10. What risk?
  11. Thanks Cabezon and Kerry S and a couple of others for proving that there are still a few folks on this site who can exhibit common sense.
    Patrick Allen likes this.
  12. I think you will find that lead is not soluble in water.

    The lost lead sinkers are not a significant water quality issue. If lead were even marginable soluble in freshwater the spend lead shot found in various ponds and lakes for waterfowl hunting with lead shot would have dissolved years ago rather than persisting as a problem for various waterfowl. They have issues with the lead shot in that they ingest the shot to provide the gist for the gizzards. As they is ground down it enters their blood streams which often leads to death.

    Here in Washington lead sinkers can be a problem for loons feeding on local waters; however here again the problem is not the lead in the water. The majority of the time the loons dying of lead poisoning get the lead from stealing fish from anglers and as they break the anglers line the bird ingests the fish, hook, and sinker leading to the problem. That problem got of just as easily been solved by requiring anglers on those key waters to use free sliding sinkers that had no obstacle between the swivels and the rod tip. Then when the loon breaks the anglers line to get the fish the sinker would fall harmlessly to the bottom as a ban on the use of those sinkers.

    If as anglers you are concern about fishing related impacts on the environment I suggest that you focus on our leaders - both monofilament and fluro. A dual fold impact from the material left in the environment and the manufacture of the material.

  13. So many armchair scientists, so few experts...opinions abound and facts are adrift in the currents.
    scottr likes this.
  14. Once again, whose anchor is weighing 4,5 or 8 pounds lighter? I have one that has been used for over 12 years and is still the same weight it was when purchased. I'm not buying into the hype.
  15. I don't think there is anything illegal about dragging anchor while fishing although it likely isn't the smartest thing to do in waters that are used for spawning. Most guys I see using this technique will use a portion of an inner tube about two feet long. They will tie the ends off with wire and fill it with sand and small rocks from a river bar. This results in an 'anchor' that is banana shaped and drags the bottom with out hanging up much. The desired affect is to slow the drift without using oars or a kicker.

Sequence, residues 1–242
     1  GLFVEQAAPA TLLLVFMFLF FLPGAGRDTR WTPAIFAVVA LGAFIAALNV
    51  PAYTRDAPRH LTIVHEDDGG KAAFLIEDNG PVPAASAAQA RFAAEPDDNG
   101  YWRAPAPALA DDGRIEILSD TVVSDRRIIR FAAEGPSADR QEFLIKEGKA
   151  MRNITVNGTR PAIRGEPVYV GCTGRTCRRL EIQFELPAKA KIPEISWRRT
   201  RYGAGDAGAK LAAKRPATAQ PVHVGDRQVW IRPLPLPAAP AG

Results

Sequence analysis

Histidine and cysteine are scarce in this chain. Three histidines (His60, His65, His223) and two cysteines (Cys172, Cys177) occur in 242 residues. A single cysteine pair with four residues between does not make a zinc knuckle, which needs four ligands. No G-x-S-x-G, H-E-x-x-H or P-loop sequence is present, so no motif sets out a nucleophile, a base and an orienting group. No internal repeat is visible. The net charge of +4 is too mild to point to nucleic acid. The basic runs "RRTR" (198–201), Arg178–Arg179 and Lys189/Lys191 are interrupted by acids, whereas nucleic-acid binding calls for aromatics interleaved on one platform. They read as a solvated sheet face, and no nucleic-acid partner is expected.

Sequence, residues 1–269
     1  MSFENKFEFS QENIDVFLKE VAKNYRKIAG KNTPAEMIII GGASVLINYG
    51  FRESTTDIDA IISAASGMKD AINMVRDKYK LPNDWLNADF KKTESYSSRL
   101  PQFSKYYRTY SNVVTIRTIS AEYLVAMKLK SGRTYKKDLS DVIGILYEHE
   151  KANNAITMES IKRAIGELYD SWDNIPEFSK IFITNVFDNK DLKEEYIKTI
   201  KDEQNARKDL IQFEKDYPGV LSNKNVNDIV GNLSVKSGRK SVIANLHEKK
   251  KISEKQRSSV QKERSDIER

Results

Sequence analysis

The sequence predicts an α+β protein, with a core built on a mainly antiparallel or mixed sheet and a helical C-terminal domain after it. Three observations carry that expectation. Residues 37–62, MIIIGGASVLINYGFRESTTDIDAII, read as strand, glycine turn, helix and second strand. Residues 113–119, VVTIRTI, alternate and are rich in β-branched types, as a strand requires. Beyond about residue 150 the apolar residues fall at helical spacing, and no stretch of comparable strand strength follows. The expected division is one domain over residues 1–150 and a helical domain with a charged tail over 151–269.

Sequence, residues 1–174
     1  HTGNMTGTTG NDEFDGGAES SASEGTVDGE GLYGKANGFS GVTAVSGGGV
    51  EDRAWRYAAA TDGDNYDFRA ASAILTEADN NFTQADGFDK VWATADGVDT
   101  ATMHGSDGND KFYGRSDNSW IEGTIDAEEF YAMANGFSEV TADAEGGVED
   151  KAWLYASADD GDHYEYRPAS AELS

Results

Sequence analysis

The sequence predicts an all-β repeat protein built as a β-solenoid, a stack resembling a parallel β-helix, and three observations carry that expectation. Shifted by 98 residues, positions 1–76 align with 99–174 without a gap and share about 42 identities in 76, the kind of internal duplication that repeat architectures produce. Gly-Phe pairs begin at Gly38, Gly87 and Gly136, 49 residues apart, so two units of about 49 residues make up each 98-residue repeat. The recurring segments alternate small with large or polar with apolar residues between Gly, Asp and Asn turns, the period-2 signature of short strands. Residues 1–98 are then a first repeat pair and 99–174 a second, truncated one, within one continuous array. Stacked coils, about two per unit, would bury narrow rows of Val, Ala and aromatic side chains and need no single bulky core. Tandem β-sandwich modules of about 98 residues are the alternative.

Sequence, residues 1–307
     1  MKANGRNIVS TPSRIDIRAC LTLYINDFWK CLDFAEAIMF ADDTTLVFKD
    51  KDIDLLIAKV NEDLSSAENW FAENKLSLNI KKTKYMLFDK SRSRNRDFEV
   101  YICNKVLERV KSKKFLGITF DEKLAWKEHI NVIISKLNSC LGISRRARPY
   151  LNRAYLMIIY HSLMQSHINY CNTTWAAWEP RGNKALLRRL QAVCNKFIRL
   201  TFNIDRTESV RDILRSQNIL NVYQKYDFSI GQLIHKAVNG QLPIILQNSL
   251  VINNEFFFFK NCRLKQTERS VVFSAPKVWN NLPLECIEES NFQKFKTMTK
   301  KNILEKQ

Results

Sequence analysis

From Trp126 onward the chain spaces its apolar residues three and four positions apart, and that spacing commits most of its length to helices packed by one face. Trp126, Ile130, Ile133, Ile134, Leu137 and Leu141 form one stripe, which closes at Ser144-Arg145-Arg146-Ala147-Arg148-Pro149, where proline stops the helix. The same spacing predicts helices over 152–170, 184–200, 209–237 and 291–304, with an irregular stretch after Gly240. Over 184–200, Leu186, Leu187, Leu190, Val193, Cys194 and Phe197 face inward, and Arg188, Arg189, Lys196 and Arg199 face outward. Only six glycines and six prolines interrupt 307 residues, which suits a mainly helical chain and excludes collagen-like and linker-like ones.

16. yes drift fishermen litter the hell out of rivers. but lead anchors? come on. perhaps some of you should take up a less destructive hobby like ballet or chess, this California mentality its getting old. oh yeah the lead is still on the anchor smart guy, no really it is a soft metal its just a different shape now. buy a prius, and eat only food you grow, and return to silk lines. my guess is most of the compensator rigs i see some of you drive pollute far more than my anchor, so sell that diesel Ford and get a bike
  17. I would venture a guess that the suction dredging is doing far more damage than the lost lead on the river bottom.​
  18. Hmmm...so, as long as it's the birds dying from the lead, by eating the fish - there's not a problem that the fish have lead in them?

    "The majority of the time the loons dying of lead poisoning get the lead from stealing fish from anglers and as they break the anglers line the bird ingests the fish, hook, and sinker leading to the problem."

    Talk about common sense.
  19. Derek -
    Is there any evidence that the fish are getting lead from those sinkers? I don't think so.

    The waterfowl because of the way they digest their food - they use their gizzards to grind their food and for that process to work they ingest some grit to aid in the grinding of that food. In the process to getting that grit they in some areas also ingest small shotgun pellets found in the same areas as their grit. The later grinding process reduces the lead so that it enters their blood stream resulting in death. I do not believe any of the fish here in the PNW are ingesting rocks as a regular part of their diet thus avoiding the sinkers. Further in those cases were incidental rocks (sinkers) are ingested they are not subject to the grinding process and if small enough readily pass through the fish's digestive system.

    In the case of the loons they are not getting lead poisoning from the fish themselves but rather from the associated sinkers that comes along with the fish when they steal them from the anglers. The free swimming fish (except those that have broken loose from anglers and still have line and sinker attached to them) are not carrying lead poisoning from those sinkers.

    Now there may well be a number of contaminates in the fish associated with a number other pollution sources (including lead) but that is a whole different story and issue.